The Reston Home Tour returns this fall with five stops highlighting local history

Reston history will take center stage at the 19th annual Reston Home Tour on Oct. 16.

This year’s tour will feature five houses, including the first home built on Lake Thoreau (before the lake was even there), a work by Restonian architect Ken Bonner, and the Craftsman-inspired The Kensington Reston that overlooks the 11th fairway of Reston National Golf Course.

The tour is hosted by the Reston Museum and is self-guided. Each ticket includes a guide book with descriptions and a map. A boxed lunch will be available for purchase at The Kensington, a local assisted living community.

Additionally, the museum will be open to the public with its newest exhibit “Early Reston Home Interiors” on display.

Masks are required on the tour, and tickets are available now for $30, though museum members can get tickets at a discounted price. Docents and volunteers are still needed.

Reston Museum Executive Director Alex Campbell says it’s wonderful to have the home tour back after it was canceled last year.

“The Reston Home Tour is an important event as it showcases the creativity and ingenuity that Restonians implement within their home through modern renovations,” she wrote in an email to Reston Now. “…The tour is a reminder that not only did Reston begin as a community that embraced architectural variety and modern design, it is still today a community where Restonians pursue modern and forward-thinking design for their homes.”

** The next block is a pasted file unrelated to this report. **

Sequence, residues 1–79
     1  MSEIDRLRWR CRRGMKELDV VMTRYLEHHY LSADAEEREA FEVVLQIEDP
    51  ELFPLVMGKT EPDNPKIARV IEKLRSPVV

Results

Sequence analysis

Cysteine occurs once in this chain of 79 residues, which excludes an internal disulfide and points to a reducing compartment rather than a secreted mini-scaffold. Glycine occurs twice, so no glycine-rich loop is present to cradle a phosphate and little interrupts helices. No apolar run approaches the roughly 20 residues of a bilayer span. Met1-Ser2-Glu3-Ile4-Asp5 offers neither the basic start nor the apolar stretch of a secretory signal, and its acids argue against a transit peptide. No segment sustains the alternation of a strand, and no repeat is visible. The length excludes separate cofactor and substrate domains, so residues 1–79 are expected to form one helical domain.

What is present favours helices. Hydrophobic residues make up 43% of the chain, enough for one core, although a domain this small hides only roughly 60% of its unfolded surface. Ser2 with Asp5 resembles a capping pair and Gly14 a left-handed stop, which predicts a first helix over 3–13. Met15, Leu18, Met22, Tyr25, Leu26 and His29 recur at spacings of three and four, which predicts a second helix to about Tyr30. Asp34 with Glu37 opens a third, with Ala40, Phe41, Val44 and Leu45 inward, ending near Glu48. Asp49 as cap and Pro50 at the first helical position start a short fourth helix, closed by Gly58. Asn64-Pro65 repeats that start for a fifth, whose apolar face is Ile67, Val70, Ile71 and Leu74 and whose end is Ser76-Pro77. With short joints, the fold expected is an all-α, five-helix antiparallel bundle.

It is the Reston Museum’s biggest fundraisier and one of its most popular events, Campbell notes.

The Reston Museum reopened to visitors about a year ago after being closed for a number of months due to the COVID-19 pandemic. The 24-year-old museum has embraced the digital world in order to stay afloat.

Staff have started to do more in-person events recently, including an outdoor “Storytime for Little Historians.”

Campbell says the home tour is an “an important contributor in supporting our mission to preserve and share Reston’s history.”

Previous iterations of the Reston Home Tour have showcased a five-decade-old Dutch Colonial and a 1960s Hickory Cluster townhouse.

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